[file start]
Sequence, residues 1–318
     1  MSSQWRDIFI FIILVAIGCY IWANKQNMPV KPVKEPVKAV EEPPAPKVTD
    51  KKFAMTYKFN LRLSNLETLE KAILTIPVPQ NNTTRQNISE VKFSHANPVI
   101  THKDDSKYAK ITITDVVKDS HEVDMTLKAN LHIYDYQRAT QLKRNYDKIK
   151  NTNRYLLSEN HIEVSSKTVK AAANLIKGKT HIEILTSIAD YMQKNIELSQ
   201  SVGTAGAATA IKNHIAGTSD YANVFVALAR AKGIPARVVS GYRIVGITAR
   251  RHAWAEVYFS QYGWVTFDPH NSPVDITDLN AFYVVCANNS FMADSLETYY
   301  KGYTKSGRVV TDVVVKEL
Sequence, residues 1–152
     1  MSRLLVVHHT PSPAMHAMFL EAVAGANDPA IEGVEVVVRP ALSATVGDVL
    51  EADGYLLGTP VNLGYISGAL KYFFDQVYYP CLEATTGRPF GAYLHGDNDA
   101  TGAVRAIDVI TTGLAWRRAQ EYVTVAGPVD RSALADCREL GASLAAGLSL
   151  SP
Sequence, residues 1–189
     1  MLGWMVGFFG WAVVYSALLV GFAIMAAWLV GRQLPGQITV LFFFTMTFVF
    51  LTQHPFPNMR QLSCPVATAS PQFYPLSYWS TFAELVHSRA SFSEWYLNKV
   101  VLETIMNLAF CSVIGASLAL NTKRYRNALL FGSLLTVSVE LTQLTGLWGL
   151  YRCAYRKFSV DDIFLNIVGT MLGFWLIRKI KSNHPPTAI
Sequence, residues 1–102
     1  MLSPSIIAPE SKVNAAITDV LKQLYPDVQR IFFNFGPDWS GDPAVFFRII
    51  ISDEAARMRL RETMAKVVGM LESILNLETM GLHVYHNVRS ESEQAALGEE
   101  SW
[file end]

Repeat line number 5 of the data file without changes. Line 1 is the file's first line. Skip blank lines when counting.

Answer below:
   151  NTNRYLLSEN HIEVSSKTVK AAANLIKGKT HIEILTSIAD YMQKNIELSQ